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Ah, the clever Mr. Corsale has struck again.

Omit needless words!

E.B. White wrote for the magazine, not that you'd ever know it. His name rarely appeared. Hardly anyone's name appeared who wrote for the before Tina Brown became editor and changed things around for the better. She put in the writer's names and told you something about who they were.

E.B. White was called a very good writer by various people who should know, I guess. He wrote a lot of those small unsigned items. The ones that made me wonder what I was doing looking at the magazine at all had to do with pigeons, robins, snow falling, leaves falling, and the kind of stuff no self-respecting student on StatNisland would ever think of reading, much less writing about.

How was I supposed to know that was good writing?

I just thought it was boring.

One writer wrote thousands of columns on the subject of an orange. Well, maybe lots of oranges. There was more about oranges in that whole issue than there are oranges in the world. It was amazing. Unreadable, but amazing, nonetheless. Like, who were the orange audience? John McPhee is the author's name.

White wrote short, simple paragraphs and didn't get all balled up in his rhetoric, like some of us, I'm not saying who.

He wrote a nice story about a Model-T auto trip he made across the country before there were roads across the country, in the 'twenties.

He later moved from NYC to a farm on the coast of Maine, where he wrote in a little house overlooking the water. There he wrote "Charlotte's Web" and "Stuart Little," and another children's story, I can't remember the name.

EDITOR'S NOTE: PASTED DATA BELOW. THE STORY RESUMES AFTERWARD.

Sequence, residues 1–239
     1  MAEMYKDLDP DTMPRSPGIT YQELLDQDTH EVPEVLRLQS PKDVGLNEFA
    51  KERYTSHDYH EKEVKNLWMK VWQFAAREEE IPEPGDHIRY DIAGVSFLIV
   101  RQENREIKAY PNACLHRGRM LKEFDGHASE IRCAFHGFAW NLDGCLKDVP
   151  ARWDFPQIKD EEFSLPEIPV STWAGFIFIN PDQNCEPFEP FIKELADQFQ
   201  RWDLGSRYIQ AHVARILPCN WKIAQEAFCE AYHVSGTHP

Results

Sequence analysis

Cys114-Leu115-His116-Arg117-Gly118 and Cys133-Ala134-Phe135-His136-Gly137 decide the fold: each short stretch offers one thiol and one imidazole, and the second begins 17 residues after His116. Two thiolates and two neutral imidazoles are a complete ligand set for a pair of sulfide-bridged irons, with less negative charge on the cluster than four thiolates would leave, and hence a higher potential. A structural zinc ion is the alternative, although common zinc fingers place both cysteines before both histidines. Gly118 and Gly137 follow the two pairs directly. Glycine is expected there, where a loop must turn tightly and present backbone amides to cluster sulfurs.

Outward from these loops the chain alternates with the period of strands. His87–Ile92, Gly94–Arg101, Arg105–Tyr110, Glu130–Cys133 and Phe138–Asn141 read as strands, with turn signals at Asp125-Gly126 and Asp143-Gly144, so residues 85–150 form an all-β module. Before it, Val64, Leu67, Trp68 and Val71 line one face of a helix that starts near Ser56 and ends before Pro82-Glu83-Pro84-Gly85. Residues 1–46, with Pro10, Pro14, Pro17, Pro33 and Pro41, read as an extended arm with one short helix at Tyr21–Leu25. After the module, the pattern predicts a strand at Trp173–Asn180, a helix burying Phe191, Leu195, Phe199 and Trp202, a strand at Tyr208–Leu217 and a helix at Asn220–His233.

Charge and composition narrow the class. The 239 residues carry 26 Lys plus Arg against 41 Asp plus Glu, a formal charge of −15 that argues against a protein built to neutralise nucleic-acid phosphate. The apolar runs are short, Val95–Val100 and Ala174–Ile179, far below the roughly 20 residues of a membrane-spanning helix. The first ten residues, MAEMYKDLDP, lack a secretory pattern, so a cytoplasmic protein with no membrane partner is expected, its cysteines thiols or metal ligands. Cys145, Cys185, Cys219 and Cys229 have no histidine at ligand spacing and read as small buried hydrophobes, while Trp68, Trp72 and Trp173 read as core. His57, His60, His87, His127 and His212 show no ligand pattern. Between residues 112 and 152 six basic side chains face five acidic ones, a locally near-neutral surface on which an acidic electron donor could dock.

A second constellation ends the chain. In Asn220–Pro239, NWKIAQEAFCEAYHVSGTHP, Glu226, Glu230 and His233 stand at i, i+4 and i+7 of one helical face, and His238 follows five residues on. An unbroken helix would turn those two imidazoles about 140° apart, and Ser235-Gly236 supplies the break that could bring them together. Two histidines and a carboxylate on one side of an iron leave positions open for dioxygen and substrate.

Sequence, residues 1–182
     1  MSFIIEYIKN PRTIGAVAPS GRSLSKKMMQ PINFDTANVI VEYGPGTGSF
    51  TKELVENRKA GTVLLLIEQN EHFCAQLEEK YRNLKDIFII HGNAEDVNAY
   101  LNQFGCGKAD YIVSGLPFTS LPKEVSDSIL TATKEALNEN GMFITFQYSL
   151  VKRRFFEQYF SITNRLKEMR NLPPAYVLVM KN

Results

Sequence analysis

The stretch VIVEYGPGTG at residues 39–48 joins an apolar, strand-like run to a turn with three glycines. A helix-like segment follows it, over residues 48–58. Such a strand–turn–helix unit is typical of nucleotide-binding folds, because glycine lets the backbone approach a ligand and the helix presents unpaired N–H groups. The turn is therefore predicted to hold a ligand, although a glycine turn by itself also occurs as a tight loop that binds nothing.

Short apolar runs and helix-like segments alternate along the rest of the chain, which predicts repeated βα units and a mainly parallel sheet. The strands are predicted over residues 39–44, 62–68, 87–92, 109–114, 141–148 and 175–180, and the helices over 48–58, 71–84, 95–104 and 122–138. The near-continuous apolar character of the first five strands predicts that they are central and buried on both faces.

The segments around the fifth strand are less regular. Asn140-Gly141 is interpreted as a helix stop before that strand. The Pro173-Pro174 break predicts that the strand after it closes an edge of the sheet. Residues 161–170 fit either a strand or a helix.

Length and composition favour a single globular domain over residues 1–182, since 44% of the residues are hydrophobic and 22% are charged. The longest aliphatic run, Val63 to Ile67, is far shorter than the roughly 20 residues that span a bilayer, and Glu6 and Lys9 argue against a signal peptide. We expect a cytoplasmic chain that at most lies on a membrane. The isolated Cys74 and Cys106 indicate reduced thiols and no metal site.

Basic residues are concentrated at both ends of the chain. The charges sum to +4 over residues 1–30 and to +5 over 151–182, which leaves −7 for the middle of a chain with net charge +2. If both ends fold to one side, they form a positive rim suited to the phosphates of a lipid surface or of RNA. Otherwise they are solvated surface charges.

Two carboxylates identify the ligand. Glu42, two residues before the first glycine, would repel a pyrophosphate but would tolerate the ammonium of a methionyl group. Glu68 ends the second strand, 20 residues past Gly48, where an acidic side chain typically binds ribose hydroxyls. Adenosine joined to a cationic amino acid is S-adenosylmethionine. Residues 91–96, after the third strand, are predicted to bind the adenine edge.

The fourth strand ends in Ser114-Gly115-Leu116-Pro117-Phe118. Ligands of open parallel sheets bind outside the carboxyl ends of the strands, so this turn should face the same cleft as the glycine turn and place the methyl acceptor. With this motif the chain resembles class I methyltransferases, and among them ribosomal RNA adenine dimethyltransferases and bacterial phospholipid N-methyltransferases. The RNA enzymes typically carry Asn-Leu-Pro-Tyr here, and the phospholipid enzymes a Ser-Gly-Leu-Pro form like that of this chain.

A collection of his short works was favored by a sizable number of American soldiers during WWII, in Europe. The collection was called "One Man's Meat," and I guess it gave the men a flavor of home. He was very evocative that way, writing simply about simple things.

There are several books by or about him that you can find if you go looking. One contains many letters he wrote to friends, just the usual correspondence one might write if one weren't in the habit of just picking up the phone.

What White could do better than a lot of people was that he could tell you how he felt about something, or how he felt, without just giving you one of those one word answers that your kid does when you ask him what he's doing and he says "Nuthin.' Or you ask how he feels, and he says, "Okay."

White didn't do that. He would describe, in a few words, how he felt and you would understand just how the flu felt.

Try it some time.

It's like trying to imitate Matisse.

He died maybe a decade or so ago.

His son, Joel, became a noted boatbuilder in Maine.

I think EBW would get a laugh to think that the English usage booklet he wrote (available in any decent bookstore), based on his class notes from his Cornell English professor, Strunk, hence Strunk and White, has been used in a send-up of bad writing on the 'Net.

White was a stickler for good usage, himself, and his 2d wife was an editor of the N.Y'er, so editing was all around him, but his attitude was not tyrannical, I don't think, otherwise he couldn't have written as democratically as he did, and for children.

Her son, his stepson, is Roger Angell, a longtime writer, particularly on baseball.

White, I think, would enjoy looking at our postings, see what little merit there is in them, feel encouraged that we are, at least, using the written form of the tongue, in the vernacular, as we learned and spoke it on Da Island. After giving it ten minutes of perusal, he would return to his isolated study and turn out, over a winter, a story, set on StatNisland, featuring some Web-footed or Three-legged Islander as the hero and it would be fascinating.


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